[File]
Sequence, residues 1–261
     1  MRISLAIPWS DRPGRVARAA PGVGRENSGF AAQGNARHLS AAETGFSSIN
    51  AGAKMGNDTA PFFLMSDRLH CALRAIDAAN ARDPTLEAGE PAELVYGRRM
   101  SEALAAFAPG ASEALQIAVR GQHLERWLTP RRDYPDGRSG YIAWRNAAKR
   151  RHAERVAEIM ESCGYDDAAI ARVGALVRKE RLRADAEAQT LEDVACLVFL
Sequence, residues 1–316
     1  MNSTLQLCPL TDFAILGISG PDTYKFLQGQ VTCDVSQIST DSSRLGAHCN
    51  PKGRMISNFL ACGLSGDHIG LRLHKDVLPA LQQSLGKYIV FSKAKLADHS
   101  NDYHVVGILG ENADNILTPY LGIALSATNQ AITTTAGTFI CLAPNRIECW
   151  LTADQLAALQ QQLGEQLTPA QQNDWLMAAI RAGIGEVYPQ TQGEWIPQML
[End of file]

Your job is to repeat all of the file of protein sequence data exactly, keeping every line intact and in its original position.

Sequence, residues 1–261
     1  MRISLAIPWS DRPGRVARAA PGVGRENSGF AAQGNARHLS AAETGFSSIN
    51  AGAKMGNDTA PFFLMSDRLH CALRAIDAAN ARDPTLEAGE PAELVYGRRM
   101  SEALAAFAPG ASEALQIAVR GQHLERWLTP RRDYPDGRSG YIAWRNAAKR
   151  RHAERVAEIM ESCGYDDAAI ARVGALVRKE RLRADAEAQT LEDVACLVFL
Sequence, residues 1–316
     1  MNSTLQLCPL TDFAILGISG PDTYKFLQGQ VTCDVSQIST DSSRLGAHCN
    51  PKGRMISNFL ACGLSGDHIG LRLHKDVLPA LQQSLGKYIV FSKAKLADHS
   101  NDYHVVGILG ENADNILTPY LGIALSATNQ AITTTAGTFI CLAPNRIECW
   151  LTADQLAALQ QQLGEQLTPA QQNDWLMAAI RAGIGEVYPQ TQGEWIPQML